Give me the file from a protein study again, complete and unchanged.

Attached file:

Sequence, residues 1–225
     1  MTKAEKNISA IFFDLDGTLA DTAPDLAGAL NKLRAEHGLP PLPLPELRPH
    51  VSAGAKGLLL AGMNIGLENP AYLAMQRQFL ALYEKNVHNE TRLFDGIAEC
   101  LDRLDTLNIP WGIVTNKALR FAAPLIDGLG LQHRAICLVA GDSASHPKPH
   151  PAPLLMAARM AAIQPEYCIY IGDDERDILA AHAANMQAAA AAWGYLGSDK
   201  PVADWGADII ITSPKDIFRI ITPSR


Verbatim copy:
Sequence, residues 1–225
     1  MTKAEKNISA IFFDLDGTLA DTAPDLAGAL NKLRAEHGLP PLPLPELRPH
    51  VSAGAKGLLL AGMNIGLENP AYLAMQRQFL ALYEKNVHNE TRLFDGIAEC
   101  LDRLDTLNIP WGIVTNKALR FAAPLIDGLG LQHRAICLVA GDSASHPKPH
   151  PAPLLMAARM AAIQPEYCIY IGDDERDILA AHAANMQAAA AAWGYLGSDK
   201  PVADWGADII ITSPKDIFRI ITPSR